MENU

Blog

Effective Debt Management Strategies

Debt is part of our life and can be necessary, whether it is to pay for education, getting a home, buying a car, or expand our business. However, debt can easily get us into trouble if we don’t plan and take control over it.

People today have more consumer debt -from debit cards, furniture stores, installment loans and other sources- than ever before. This kind of debt can be debilitating and detrimental to your financial success.

Whether it is big or small, all of us have debt to some extent and none of us like to talk about it. However, even if your debt is not too serious, it is recommended to look for advice on how to change the way you spend in order to avoid having to deal with severe financial hardships.

There are several effective ways to manage debt, so that it works to your favor. To help you control and leverage your debt, we have highlighted some of the key strategies to approach it.

● Track your spending → the first step to making a positive change in the way you spend your money is tracking where it is going and make the needed changes. You might be overspending without even realize it, it is important to find out why you are over budget, then find ways to reduce or eliminate spending in problem areas. For example, you can start by setting aside receipts of daily living expenses, such as groceries, personal items and transportation during two to four weeks, so you can determine your expenditures. Once you have this information, calculate your net monthly income and your average spending.

● Reduce your debt load → there are several options to reduce the cost of existing expenses and lighten your debt load. First, decide how many credit cards you really need. It is generally a good idea to keep at least one credit card for emergencies and limited uses, but you should consider cutting up the cards you don’t use gradually. Second, consider consolidating all of your bills on the card with the lowest interest rate and annual fee. Finally, make a long-term repayment plan and try to pay off or pay down as many debts as you can.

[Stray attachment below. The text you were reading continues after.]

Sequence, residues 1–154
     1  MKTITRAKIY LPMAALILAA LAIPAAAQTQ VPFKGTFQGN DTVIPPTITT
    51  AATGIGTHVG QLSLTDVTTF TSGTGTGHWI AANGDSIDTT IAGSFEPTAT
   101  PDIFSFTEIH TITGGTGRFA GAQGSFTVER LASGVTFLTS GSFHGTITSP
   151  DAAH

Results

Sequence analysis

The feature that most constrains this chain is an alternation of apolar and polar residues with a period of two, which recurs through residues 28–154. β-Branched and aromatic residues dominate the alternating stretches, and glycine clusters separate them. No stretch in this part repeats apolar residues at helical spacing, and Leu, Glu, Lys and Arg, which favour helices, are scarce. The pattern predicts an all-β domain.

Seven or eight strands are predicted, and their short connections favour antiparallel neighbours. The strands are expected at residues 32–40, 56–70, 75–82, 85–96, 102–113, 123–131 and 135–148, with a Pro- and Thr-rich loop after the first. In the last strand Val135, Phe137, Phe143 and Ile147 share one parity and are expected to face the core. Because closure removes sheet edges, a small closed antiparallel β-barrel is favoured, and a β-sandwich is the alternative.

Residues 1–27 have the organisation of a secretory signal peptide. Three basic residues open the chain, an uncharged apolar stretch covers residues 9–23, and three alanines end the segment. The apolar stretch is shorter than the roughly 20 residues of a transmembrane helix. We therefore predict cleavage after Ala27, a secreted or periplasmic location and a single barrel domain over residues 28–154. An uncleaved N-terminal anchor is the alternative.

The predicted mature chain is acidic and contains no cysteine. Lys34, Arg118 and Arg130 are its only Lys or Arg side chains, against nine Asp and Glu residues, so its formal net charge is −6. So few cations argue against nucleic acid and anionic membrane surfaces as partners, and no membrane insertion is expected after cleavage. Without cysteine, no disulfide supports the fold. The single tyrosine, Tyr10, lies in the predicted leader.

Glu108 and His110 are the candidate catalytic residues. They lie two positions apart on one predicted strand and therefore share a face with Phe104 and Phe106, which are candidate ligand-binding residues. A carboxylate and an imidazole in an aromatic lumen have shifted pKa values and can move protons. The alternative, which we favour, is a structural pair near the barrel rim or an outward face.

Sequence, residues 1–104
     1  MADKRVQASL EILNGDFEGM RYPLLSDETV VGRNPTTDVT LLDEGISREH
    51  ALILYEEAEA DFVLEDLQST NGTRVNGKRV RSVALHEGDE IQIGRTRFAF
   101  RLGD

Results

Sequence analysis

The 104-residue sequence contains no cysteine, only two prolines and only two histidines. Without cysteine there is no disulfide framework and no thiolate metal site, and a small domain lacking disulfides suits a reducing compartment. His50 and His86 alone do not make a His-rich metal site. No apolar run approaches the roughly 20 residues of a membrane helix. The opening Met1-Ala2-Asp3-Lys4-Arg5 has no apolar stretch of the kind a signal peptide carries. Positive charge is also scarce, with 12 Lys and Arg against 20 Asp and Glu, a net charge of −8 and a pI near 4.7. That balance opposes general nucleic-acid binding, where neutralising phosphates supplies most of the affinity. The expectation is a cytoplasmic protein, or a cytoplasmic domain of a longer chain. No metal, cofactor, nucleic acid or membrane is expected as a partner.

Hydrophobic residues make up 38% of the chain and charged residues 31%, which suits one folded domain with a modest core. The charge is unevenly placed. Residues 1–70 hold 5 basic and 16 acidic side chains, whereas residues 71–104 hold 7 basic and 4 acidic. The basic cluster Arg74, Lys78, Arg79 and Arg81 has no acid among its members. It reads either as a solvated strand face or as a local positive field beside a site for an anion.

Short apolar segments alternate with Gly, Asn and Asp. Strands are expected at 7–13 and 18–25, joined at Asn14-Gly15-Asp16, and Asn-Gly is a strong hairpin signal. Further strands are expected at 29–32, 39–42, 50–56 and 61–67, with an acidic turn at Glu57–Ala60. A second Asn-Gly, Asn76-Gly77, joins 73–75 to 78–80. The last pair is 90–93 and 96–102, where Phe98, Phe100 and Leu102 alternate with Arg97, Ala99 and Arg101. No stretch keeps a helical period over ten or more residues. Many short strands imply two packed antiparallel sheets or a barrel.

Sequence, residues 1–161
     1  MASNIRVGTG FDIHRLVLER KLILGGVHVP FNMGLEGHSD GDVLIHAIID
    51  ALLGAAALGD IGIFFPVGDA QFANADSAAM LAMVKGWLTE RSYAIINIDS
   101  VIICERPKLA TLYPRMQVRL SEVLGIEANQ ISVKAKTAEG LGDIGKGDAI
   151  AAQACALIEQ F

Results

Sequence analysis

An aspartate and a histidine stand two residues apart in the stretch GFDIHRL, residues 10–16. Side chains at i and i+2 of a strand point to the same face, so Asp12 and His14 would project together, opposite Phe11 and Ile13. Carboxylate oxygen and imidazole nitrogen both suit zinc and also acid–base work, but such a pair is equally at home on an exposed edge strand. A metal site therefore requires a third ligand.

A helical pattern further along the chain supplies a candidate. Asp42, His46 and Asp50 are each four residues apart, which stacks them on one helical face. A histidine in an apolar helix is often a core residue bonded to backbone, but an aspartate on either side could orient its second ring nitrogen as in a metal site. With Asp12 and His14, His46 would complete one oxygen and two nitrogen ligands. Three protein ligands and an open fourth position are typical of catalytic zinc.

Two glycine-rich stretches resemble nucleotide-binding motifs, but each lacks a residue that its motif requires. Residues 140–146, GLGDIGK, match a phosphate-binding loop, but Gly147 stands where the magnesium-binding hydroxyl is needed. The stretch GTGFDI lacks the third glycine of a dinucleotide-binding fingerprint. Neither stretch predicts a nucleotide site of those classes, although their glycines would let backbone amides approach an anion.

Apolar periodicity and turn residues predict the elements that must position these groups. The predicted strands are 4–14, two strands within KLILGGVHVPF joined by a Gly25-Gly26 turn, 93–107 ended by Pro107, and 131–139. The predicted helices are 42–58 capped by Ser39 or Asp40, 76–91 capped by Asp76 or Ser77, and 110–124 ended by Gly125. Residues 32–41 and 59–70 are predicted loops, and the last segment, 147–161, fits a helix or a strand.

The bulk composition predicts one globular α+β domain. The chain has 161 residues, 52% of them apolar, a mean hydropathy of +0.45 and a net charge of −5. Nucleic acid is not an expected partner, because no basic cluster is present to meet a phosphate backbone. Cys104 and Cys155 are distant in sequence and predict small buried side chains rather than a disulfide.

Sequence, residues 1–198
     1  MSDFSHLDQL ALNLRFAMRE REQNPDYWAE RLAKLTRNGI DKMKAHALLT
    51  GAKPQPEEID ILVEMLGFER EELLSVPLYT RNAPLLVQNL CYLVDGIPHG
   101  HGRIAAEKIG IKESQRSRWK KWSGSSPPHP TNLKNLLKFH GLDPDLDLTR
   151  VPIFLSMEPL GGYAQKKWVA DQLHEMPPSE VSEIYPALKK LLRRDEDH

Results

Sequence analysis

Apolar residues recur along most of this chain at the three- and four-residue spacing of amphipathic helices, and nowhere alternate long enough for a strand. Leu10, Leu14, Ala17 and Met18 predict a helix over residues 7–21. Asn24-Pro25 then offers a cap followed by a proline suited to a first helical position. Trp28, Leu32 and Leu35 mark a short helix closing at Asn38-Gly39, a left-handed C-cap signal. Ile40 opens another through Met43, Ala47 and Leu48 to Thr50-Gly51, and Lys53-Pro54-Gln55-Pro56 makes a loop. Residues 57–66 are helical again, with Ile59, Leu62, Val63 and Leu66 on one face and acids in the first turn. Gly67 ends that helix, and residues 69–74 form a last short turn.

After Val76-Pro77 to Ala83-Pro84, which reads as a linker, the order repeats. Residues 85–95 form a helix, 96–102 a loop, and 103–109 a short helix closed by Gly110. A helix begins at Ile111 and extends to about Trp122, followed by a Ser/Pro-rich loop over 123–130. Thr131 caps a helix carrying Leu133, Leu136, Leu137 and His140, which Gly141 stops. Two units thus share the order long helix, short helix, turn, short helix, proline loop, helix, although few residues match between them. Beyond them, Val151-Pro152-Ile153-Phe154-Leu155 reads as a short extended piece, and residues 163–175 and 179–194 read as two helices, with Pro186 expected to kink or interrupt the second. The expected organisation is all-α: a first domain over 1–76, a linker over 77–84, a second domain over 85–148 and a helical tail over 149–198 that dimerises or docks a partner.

● Be honest about your debts → ignoring your debts can make things worse, it is better to be realistic and talk openly about them with your family. Start by making or revising the family budget and looking for ways to reduce the spending. Use cash for everything you buy until your debts are paid off. Give each family member a weekly allowance for all cash purchases, including groceries, drug store item, transportation, lunches, and other necessities. When the cash is gone, stop spending. Finally, try to look for luxuries that you can give up temporarily until you have paid off your debts.

● Look to the future → It’s recommended that while you pay off your debt you also make payments to your savings account. This can be helpful in an emergency situation, and you will not have to rely only on your credit cards in the future. It is important to remember that planning and controlling your daily spending habits can put you in a better long-term financial situation. The way to prevent a poor credit record is to use credit wisely. Only take as much debt as you can pay back comfortably.

If you are not sure what amount of debt is right for you or need advice on how to elaborate an efficient budget, talk with a financial counselor at a non-profit housing counseling agency.